The Dyslexia Myth


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The Dyslexia Myth


As a current affairs producer, every story you tell brings surprises. No story I have ever been involved with before though has produced as many eye-openers as the Channel 4 Dispatches programme ‘The Dyslexia Myth’.

There were numerous small revelations: ranging from the discovery that dyslexic children do not reverse their letters any more than younger children reading at the same level, to the discovery that the Government has so far introduced no fewer than 650 different initiatives in primary schools.
Then there were even more dramatic discoveries: poor readers with high IQs, usually seen as dyslexic, respond in exactly the same way to help with their reading as poor readers with low IQs who are rarely labelled as dyslexic.
The biggest shock was that the ‘dyslexia myth’ story which sounded so controversial when I first started the research, turned out not to be controversial at all. The idea that the common understanding of dyslexia is a myth was startling at first heard it. Yet I found it was a view shared by every academic that I talked to. The scientific consensus about it is overwhelming.
This poses two questions, both of which trouble me still, even though we did not deal with them in the documentary. I am raising them here in more detail.

The first question is why has the story not been reported before? The second is what is the future of the term dyslexia?

Why the silence?

The expert knowledge that the popular understanding of dyslexia as a ‘myth’, has been around for at least ten years. The research findings, taken collectively, are devastating. Yet they have never been properly reported to the public. Perhaps the reason for this is the inadequacy of the journalistic profession.

Or perhaps it reflects perhaps a bigger problem: a natural reluctance on the part of researchers to simplify and popularise the findings of other investigators. Although academics understand the big picture, few feel comfortable about dragging together all the different research findings about a complex subject, simplifying them and putting them together to provide a simple overview. Academics are rated on their ability to come up with their own findings, not on how effective they are at popularising other people’s research.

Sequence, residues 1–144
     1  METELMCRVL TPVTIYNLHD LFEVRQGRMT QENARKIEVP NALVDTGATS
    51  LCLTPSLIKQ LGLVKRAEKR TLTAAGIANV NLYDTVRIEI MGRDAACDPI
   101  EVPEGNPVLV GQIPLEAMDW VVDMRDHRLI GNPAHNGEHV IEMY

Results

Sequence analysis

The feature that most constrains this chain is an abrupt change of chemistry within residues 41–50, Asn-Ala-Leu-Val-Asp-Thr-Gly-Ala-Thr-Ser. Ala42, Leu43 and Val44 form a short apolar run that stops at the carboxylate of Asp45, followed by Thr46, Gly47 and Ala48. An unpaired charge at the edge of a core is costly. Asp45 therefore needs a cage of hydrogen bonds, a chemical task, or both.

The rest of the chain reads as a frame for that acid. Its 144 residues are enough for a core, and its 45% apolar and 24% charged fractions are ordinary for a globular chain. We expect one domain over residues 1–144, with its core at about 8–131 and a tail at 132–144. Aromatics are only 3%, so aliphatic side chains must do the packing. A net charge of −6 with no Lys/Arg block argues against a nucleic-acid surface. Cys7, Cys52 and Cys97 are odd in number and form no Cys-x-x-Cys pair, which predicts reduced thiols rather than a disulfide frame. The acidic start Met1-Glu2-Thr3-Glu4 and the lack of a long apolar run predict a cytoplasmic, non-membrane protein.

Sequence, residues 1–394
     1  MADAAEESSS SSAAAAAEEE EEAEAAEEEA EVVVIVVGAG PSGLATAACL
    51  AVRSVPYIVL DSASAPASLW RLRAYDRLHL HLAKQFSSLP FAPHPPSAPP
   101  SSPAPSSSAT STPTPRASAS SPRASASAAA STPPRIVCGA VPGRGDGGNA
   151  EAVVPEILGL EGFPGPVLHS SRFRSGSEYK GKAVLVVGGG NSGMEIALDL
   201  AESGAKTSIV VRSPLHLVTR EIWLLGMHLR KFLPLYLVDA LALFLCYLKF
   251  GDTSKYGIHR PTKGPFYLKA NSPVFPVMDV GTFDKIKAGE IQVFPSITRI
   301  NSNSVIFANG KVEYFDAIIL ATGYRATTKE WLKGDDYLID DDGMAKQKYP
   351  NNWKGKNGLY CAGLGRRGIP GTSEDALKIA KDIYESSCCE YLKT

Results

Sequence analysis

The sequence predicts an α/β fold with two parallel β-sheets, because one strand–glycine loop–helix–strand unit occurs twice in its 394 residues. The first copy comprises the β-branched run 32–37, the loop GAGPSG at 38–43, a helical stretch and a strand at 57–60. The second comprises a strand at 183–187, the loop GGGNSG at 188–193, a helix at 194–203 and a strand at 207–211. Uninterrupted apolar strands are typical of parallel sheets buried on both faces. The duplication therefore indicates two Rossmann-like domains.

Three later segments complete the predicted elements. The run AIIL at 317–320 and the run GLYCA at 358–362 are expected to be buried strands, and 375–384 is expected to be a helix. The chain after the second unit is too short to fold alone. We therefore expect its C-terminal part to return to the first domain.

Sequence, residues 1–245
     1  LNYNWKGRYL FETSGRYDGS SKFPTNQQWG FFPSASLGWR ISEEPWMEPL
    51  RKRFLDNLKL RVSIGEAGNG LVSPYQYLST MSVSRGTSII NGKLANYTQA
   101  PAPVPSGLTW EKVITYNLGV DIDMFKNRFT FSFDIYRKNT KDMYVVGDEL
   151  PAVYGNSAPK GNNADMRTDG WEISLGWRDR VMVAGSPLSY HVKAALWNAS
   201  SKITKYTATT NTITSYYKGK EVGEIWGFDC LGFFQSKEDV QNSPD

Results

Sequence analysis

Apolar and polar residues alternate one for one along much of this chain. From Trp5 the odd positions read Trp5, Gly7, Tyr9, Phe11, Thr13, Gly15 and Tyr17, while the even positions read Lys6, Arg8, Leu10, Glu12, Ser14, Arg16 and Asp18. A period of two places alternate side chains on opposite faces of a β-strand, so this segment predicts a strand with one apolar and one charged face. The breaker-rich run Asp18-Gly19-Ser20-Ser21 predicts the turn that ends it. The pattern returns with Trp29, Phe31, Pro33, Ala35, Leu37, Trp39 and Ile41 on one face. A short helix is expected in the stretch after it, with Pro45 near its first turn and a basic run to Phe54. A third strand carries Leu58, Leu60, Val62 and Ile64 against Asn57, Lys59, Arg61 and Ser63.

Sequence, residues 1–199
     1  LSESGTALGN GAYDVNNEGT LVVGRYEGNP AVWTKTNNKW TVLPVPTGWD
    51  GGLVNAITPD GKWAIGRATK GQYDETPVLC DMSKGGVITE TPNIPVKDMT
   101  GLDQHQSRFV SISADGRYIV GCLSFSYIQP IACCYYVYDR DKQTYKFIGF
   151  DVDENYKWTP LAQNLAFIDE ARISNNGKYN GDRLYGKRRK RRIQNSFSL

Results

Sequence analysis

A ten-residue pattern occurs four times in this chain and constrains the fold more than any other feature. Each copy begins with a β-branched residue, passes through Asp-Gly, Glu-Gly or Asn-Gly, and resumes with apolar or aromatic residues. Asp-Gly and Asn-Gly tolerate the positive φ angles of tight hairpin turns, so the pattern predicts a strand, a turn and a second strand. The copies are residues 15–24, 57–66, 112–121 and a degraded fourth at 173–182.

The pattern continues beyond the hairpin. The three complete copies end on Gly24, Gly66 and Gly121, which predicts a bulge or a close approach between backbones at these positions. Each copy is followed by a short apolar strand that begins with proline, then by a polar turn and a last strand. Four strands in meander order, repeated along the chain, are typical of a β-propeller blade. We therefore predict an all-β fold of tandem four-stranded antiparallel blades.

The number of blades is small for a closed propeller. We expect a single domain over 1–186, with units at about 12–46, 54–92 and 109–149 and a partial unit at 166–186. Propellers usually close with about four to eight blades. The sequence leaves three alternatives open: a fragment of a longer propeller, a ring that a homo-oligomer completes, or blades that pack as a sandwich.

The future of defining dyslexia

The question of how dyslexia could be defined generated a lot of controversy in the run up to the documentary. The reason we did not deal with this in the programme is that there is simply too much disagreement about it. There are at least five major views about the future use of the term ‘dyslexia’.

View 1. The term dyslexia should be dropped completely.

It is said that dyslexia carries so many wrong associations, and is understood in so many different ways by so many different people, that it serves no useful scientific or therapeutic purpose. It should be replaced by ‘reading problems’ or in more severe cases ‘reading disability’.

I have a lot of sympathy with this view. As a journalist I like to know what words mean. There are problems though. The term dyslexia is so ingrained that a lot of people would still go on using it. There is also the fact that ‘dyslexia’ is a handy term for those trying to focus attention on the needs of those with reading problems.